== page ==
Fighting the Housing Crisis
By Assemblymember Phil Ting
When disaster strikes, we’ll need our firefighters, paramedics and other first responders on the scene as soon as possible, because minutes can mean the difference between life and death. Unfortunately, many of our first responders cannot afford to live in San Francisco; some live two or more hours away.
Just as dire is the fact that the people who teach our city’s children cannot afford to live here. The support that teachers provide to our children is invaluable and that connection only grows stronger when students see teachers as part of their community. Recently, California Gov. Gavin Newsom visited Francis Scott Key Elementary School in my district; he heard the stories of people like Yolanda Fong, who teaches second grade there. She lives with her parents so she can save money for a down payment. Unfortunately, not everyone has that option, forcing already underpaid teachers to commute long distances to serve our students.
The housing crisis is one of the preeminent issues facing our state. While it is acute in San Francisco and the Bay Area, other parts of the state are feeling the crunch as well. The housing crisis is interlinked with another crisis facing our state: homelessness. It is estimated that 70 percent of our city’s homeless population was previously housed here, forced out by rising rents.
That is why we are taking a multi-pronged approach to these two crises. As chair of the Assembly Budget Committee, I am proud to have helped spearhead a total of $2.75 billion towards solutions, the largest investment in recent history. Of this amount, $1.75 billion is going into housing; $750 million to help local governments increase and accelerate housing production; $500 million to expand our housing tax credit and to attract more private investment in affordable housing projects; and another $500 million to encourage developers to include more low- and moderate-income housing in their projects.
To address homelessness, we included $650 million – up from $500 million in last year’s budget – in matching funds for local homelessness programs. San Francisco is estimated to receive $40 million, up from $27 million last year. This will go towards building more emergency shelters and navigation centers and providing more services. Of these funds, eight percent must be set aside for homeless youth. It is unacceptable that on any given night, 1,000 youth in San Francisco, and a total of 12,000 statewide, are unaccompanied and on the street.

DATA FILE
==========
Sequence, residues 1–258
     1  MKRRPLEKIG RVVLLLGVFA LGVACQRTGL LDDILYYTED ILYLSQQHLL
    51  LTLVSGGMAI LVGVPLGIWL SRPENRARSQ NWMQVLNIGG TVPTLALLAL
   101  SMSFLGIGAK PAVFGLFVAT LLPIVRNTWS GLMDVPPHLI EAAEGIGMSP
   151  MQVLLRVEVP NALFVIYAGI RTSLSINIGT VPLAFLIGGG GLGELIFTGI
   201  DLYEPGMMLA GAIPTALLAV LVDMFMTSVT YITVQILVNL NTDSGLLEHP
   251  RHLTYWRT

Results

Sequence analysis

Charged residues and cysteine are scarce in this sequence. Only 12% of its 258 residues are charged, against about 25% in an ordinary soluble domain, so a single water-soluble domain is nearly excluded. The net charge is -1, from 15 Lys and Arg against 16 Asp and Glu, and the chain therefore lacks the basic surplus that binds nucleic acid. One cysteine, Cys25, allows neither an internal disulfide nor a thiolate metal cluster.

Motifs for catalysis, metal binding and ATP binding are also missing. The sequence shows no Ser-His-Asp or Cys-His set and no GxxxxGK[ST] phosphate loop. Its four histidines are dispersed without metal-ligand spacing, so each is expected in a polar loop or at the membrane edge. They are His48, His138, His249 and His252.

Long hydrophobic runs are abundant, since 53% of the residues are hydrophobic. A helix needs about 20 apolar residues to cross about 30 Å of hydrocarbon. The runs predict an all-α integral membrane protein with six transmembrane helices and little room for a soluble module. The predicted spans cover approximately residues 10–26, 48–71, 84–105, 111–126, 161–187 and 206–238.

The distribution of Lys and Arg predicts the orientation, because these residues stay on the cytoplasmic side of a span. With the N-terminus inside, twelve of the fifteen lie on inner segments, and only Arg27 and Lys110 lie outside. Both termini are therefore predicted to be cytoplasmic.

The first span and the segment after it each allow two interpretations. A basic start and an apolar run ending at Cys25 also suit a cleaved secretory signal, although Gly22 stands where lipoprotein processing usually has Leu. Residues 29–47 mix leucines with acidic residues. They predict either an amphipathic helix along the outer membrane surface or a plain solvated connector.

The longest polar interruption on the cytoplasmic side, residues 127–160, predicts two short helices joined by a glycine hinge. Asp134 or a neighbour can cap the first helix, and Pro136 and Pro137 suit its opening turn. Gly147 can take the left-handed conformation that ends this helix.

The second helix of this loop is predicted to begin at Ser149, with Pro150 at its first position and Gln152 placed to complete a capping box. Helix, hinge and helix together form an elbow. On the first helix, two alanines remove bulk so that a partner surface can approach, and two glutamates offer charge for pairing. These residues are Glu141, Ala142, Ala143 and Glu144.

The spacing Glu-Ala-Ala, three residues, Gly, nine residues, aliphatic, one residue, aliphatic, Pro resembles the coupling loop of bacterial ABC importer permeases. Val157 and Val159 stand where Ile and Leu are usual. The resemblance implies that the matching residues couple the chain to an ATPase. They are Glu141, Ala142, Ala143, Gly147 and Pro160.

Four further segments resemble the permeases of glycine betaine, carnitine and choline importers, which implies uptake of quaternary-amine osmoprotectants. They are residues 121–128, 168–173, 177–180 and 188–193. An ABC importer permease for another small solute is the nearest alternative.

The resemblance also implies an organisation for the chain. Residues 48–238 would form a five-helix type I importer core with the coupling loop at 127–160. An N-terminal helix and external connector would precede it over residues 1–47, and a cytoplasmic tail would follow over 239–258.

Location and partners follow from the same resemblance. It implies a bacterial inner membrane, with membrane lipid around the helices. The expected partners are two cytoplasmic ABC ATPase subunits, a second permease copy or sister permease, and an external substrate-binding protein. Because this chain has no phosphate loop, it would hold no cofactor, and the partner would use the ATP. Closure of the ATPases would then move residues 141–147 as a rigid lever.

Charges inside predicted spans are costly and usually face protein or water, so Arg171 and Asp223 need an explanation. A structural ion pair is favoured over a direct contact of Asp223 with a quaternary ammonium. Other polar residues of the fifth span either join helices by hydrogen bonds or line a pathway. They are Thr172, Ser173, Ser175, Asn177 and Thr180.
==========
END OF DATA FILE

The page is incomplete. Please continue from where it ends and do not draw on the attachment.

Additionally, we are working to help keep families from becoming homeless in the first place. This year’s budget invests $20 million for grants to non-profit legal organizations that assist with landlord-tenant disputes, preventing evictions. And legislation that I authored last year, Assembly Bill 2219, has gone into effect, allowing for third parties to help cover rent for people who are at risk of losing their housing.
While it is unfortunate that these crises have reached the point they have, your representatives in the legislature and the governor are committed to solutions that will reverse these trends. By building more housing for our middle class, as well as getting people off the street and into supportive housing, we can make the California Dream accessible to all once again.
Phil Ting represents the 19th Assembly District, which includes the west side of San Francisco along with the communities of Broadmoor, Colma and Daly City.